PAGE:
The Dominican Republic gave a lengthy account of the history of compromises and flexibilities shown by developing countries in their fight for special products, in contrast to the speedy way in which the developed countries’ needs were accommodated. It said there is a long historical basis for special products and special safeguard measures. The G33 suggestions are very important and we have been working on this since 1997. It started as a concept of a development box with a positive list approach for developing countries and this was then changed to a negative list approach upon requests on us for flexibility. The development box then became a list of products of strategic importance, then this changed to special products, on requests for flexibility.
This text totally weakens the S and D principles of the Doha mandate. Suggestions from developed countries from a few weeks ago on sensitive products and the blue box have been included and we cannot support it. The first text stated that special products are not required to have expansion of TRQs but this has disappeared (in the new text). Who was consulted on this? The G33 proposal was taken out, we were not consulted. Are we still to be more flexible given that we have given in to flexibility already? The main aim of the Doha mandate was to have a substantial reduction of domestic support. Aren’t we supposed to stop unfair trade practices? Why should we accept new measures that distort trade? Why are developed countries’ concerns answered even as development concerns are ignored? This is unbalanced and immoral. This whole process is a dialogue between the deaf, only a few are heard. Within a few weeks, the interests of a minority have been prioritised. We cannot support this in its current state. There are more than a hundred developing countries in the WTO.
Argentina made a statement, on behalf also of Bangladesh, China, Brazil, India, Indonesia, Kenya, Malaysia, South Africa and the Philippines. It was in reference to the inclusion of “differential export taxes” in a list of issues to be addressed (in para 49 of annex). It said that export taxes and differential export taxes are essential policy instruments and nine out of ten Members applying these instruments are developing countries. There are at least three main reasons why this is so: First, because export duties constitute an important and reliable source of revenue. It is also an instrument which can easily be invoked and administered. Second, to reduce dependence on the export of commodities which are subject to volatile price fluctuations that have a direct impact on the income and livelihood of farmers and rural population. Also it helps to promote downstream processing industries in a context of tariff escalation applied by maj0r importing countries. Third, for food security reasons, to prevent shortages of primary products and to address unfair redistribution of rents in cases of exchange rate distortions.
Within the rules of the WTO, export taxes and differential export taxes are legitimate policy instruments. This clear fact was recently confirmed by a Panel in a ruling which established that such instruments do not imply fiscal contributions or revenue foregone by governments. They cannot be considered as subsidies as defined under Art. 1.1(a) of the Subsidies and Countervailing Measures Agreement, nor, consequently, as any form of export subsidies.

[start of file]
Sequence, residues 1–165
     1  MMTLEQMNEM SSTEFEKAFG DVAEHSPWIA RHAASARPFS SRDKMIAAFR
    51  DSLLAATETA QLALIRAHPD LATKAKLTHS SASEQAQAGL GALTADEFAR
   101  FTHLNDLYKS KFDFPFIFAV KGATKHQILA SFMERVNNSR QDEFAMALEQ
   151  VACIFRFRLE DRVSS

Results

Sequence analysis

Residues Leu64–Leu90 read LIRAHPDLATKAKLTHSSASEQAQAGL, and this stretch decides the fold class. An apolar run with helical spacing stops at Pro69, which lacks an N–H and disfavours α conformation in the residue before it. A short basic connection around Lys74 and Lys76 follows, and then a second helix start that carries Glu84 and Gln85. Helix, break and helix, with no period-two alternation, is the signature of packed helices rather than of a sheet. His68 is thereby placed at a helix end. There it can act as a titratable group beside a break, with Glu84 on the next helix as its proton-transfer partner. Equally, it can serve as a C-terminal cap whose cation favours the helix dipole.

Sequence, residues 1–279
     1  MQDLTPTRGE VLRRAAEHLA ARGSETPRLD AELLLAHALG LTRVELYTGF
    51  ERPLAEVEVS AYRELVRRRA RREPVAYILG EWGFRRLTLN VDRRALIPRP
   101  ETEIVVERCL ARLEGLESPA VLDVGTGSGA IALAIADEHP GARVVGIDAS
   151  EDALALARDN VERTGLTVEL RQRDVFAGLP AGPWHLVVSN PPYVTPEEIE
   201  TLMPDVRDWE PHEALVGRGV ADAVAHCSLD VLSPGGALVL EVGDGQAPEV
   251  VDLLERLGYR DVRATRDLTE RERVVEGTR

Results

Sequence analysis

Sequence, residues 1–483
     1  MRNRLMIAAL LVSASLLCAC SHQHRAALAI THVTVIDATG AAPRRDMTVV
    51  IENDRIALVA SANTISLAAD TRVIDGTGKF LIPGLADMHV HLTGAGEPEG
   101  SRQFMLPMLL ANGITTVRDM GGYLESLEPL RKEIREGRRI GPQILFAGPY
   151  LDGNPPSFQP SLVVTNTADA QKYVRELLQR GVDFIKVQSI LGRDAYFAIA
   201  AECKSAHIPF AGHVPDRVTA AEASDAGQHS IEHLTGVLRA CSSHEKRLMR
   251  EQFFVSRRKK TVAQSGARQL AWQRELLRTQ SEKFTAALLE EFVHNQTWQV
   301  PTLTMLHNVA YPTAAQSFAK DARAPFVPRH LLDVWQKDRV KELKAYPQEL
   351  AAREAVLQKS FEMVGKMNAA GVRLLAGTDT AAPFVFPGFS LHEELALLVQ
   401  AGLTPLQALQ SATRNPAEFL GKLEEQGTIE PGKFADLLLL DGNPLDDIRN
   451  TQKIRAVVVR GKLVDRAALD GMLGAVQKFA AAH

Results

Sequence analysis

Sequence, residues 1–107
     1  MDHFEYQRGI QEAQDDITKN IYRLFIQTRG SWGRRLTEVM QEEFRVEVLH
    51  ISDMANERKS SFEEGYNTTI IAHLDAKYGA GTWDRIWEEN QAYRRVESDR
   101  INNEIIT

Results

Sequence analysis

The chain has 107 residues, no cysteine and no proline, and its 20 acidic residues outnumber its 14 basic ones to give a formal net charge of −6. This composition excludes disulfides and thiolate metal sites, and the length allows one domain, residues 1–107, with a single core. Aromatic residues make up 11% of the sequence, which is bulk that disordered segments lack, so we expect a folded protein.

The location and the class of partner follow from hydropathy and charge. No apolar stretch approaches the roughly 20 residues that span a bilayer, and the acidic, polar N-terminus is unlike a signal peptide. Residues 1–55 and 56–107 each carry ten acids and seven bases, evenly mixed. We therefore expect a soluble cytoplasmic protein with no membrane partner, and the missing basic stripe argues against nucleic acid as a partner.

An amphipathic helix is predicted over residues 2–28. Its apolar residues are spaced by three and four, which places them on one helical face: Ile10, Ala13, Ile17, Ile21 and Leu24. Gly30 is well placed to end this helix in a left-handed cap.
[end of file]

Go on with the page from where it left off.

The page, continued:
Considering that any change in the WTO rules on such a sensitive question would have required an explicit mandate by our Ministers in Doha and that such mandate does not exist, our delegations are not in a position to accept any inclusion of the question of differential export taxes in the negotiating process. We maintain that export taxes and differential export taxes must continue to be legitimate instruments, as any attempt to dilute the present rules would be detrimental to developing countries and incompatible with the Doha Mandate.
Malaysia said the agriculture text needed improvement. It had difficulty with para 49 on export and differential taxes. On NAMA there is room for improvement, we need to find a parking place for the vehicle and the passengers need to change. It also found some problem with Para 1g on Singapore issues.
Cuba said it had concerns with the text. There are positive aspects, for example the services para. However, the text on agriculture was not satisfactory. The treatment of SPs does not take into account G33 requirements. On NAMA there is a legal void on the vehicle and it should be in adequate language. It supported Argentina on export and differential taxes. Export taxes cannot be considered as a subsidy to export.
China recognized some improvements. However it had some concerns. First, the blue box and sensitive products cast doubts on meeting the mandate for reducing trade distorting measures and improved market access in negotiations. Second, developing countries should not have to reduce their de minimis support. Third, the text on SPs is a step backward. It also associated itself with Argentina on export taxes
Philippines said the ambiguity in para 41 on SPs, contrasts with the new para 31 on sensitive products where self-selection is defined; it is a pronounced contrast, and a backward move, The requirement that developing countries also have to reduce their de minimis support is also a backward move. It was concerned about the text on the blue box. On NAMA, we need to be reassured on the vehicle. It agreed with Argentina on export taxes.
At the end of the meeting, the General Council chairperson, Ambassador Oshima, said he was concerned about the sheer number of issues raised at the meeting. Unless there was cooperation by the delegations, the negotiations could run out of time, he warned.